“I decided that the second piece I selected for this project would be an abstract work. Since the first piece selected had the jazz vibe at its core, it was beautifully coincidental that I’d choose a work created by this Puerto Rican abstract Expressionist artist, Olga Albizu who also had strong connections to jazz. Since the first piece was a solo guitar jazz piece, I wanted the second piece to continue in the jazz vein, but within an ensemble framework.
“While exploring Olga Albizu’s artwork and connection to jazz great Stan Getz & his patronage; having her artwork featured on several Verve Jazz album covers, I found myself delving deeper into this Olga Albizu/Stan Getz connection. This led me to Brazilian Jazz; Bossa Nova, and then, guitarist Antônio Carlos Jobim (composer of the famous Girl from Ipanema), whose style of music would be a focal point for the design of my piece.
“As a composer, I have long found that mixing genres, instrument roles, & colors have led to refreshing interplay, hues, and textural possibilities. For selfish reasons, I included my newly acquired minstrel banjo into this piece. The minstrel banjo (a civil war period replica), which has a lower voice than the modern banjo, nylon strings, and is fretless, led me to think it would partner well with the nylon string guitar, already planned for this work.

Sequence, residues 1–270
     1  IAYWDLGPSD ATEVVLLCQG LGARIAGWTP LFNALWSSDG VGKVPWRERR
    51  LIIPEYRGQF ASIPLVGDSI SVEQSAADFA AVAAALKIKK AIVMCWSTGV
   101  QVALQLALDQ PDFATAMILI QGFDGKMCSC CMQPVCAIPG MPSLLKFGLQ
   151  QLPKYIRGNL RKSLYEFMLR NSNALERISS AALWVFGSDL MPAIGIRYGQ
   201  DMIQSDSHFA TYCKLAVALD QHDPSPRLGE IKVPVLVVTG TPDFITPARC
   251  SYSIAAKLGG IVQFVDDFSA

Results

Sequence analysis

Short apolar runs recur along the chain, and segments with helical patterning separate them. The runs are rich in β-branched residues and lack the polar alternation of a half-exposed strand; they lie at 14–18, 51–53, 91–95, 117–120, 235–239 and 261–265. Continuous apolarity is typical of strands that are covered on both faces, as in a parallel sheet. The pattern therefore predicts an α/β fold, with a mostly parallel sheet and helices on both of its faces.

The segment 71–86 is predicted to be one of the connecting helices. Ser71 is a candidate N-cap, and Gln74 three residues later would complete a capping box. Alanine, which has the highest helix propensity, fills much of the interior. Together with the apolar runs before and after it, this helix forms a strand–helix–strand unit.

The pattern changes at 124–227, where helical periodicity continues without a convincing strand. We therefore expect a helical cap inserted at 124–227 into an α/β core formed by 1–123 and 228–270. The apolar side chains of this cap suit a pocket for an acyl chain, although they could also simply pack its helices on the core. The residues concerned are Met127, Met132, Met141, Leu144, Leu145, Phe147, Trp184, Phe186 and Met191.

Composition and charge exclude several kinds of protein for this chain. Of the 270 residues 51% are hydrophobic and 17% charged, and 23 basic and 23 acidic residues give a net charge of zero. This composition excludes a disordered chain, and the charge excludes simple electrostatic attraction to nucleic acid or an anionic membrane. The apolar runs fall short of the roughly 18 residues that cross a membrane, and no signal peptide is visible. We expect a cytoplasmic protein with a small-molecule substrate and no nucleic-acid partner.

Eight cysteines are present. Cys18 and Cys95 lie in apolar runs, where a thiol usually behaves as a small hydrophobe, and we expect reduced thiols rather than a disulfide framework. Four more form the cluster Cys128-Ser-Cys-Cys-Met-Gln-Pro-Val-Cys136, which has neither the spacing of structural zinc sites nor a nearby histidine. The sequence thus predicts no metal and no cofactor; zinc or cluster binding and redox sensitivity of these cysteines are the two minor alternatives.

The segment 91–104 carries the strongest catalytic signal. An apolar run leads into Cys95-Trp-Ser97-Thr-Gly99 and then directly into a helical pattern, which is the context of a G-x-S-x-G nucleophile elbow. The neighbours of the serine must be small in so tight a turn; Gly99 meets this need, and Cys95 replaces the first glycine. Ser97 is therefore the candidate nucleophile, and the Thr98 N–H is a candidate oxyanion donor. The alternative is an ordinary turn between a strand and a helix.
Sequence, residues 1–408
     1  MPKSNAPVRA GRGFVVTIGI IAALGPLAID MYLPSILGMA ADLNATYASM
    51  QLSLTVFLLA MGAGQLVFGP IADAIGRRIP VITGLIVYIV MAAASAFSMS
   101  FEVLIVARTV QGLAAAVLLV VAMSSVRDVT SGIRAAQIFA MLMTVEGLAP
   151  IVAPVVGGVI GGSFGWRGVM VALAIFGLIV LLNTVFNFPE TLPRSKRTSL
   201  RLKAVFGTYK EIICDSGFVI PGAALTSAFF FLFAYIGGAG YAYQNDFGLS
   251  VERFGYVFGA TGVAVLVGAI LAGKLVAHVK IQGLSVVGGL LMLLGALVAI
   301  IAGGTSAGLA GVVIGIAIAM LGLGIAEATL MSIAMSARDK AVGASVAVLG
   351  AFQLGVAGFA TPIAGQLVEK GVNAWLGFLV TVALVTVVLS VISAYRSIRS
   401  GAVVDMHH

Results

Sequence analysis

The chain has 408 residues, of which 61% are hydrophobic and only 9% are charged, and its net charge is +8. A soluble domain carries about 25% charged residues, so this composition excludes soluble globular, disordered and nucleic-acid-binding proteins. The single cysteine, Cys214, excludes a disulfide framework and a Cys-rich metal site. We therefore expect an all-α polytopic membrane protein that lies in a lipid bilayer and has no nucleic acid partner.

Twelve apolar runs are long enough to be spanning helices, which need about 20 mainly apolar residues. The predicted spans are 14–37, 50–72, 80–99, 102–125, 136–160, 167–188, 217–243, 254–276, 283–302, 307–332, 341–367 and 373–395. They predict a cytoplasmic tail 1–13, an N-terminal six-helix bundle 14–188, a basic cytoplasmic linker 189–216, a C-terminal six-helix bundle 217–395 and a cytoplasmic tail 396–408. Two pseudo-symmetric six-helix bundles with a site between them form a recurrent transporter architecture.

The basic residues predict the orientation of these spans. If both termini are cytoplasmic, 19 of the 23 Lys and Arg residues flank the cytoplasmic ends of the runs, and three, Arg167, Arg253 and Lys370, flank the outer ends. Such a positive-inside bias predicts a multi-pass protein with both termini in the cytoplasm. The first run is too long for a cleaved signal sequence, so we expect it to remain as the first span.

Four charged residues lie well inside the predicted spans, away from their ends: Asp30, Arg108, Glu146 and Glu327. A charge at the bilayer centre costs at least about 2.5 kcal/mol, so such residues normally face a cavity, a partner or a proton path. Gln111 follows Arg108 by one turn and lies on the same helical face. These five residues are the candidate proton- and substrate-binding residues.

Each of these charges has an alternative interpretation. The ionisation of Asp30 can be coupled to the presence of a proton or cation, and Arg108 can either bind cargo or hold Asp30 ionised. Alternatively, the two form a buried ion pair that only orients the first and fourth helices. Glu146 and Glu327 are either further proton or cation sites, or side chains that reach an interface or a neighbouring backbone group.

“I subtitled this piece Brazilian Mirage. I wanted to lay a framework that would house the Brazilian Bossa Nova like presence without any expectation. Then, as soon as it seems to appear, it disappears! This would be my musical abstract likeness to Olga’s Untitled Abstract. The first section starts with a fusion groove in the cello which includes a combination of pizzicato, egg shaker, and top wood hits from a single player. In the second section, the cello goes into percussion mode with col legno (the wood of the bow hitting the strings), while the minstrel banjo takes ‘front and center’, followed by the joining doumbek drum. Then behold, the Brazilian essenced rhythm seamlessly sneaks into the jam, and then soon after, it is gone!
About the Artwork
Date: ca. 1965
Artist: Olga Albizu, Puerto Rican, 1924 – 2005
Medium: Oil on canvas
Credit Line: Purchased in memory of David and Muriel Gregg through the generosity of their estate
Object Number: 2018.23
Collection of the Kalamazoo Institute of Arts – Visit website
About the Musician
Composer, cellist, singer/songwriter, guitarist and owner of Broughton Music Center & Northville Center for Music & Art, Laurie A. Jarski is a professional cellist in the Presence of Three Trio, Red Willow Dream, the Battle Creek Symphony, C.O.R.E.tet String Quartet, and principal cellist with The National Women’s Music Festival Orchestra under Nan Washburn.
Laurie has composed commissioned works for orchestra, chamber orchestra, choir, and a variety of chamber ensemble pieces.
Her current compositional endeavors are women focused – one project honors pioneering women of the professional orchestra world (Lois Schaefer, flutist of The Boston Symphony, and Winifred Mayes, cellist of Philadelphia Orchestra); another explores the powerful rhythm of speech possessed by some of the great women in our history: Eleanor Roosevelt, Dr. Kiran Bedi, Hillary Clinton, Viola Davis, Ruth Bader Ginsberg, Michelle Obama, Michelle Bachelet, and Queen Elizabeth II.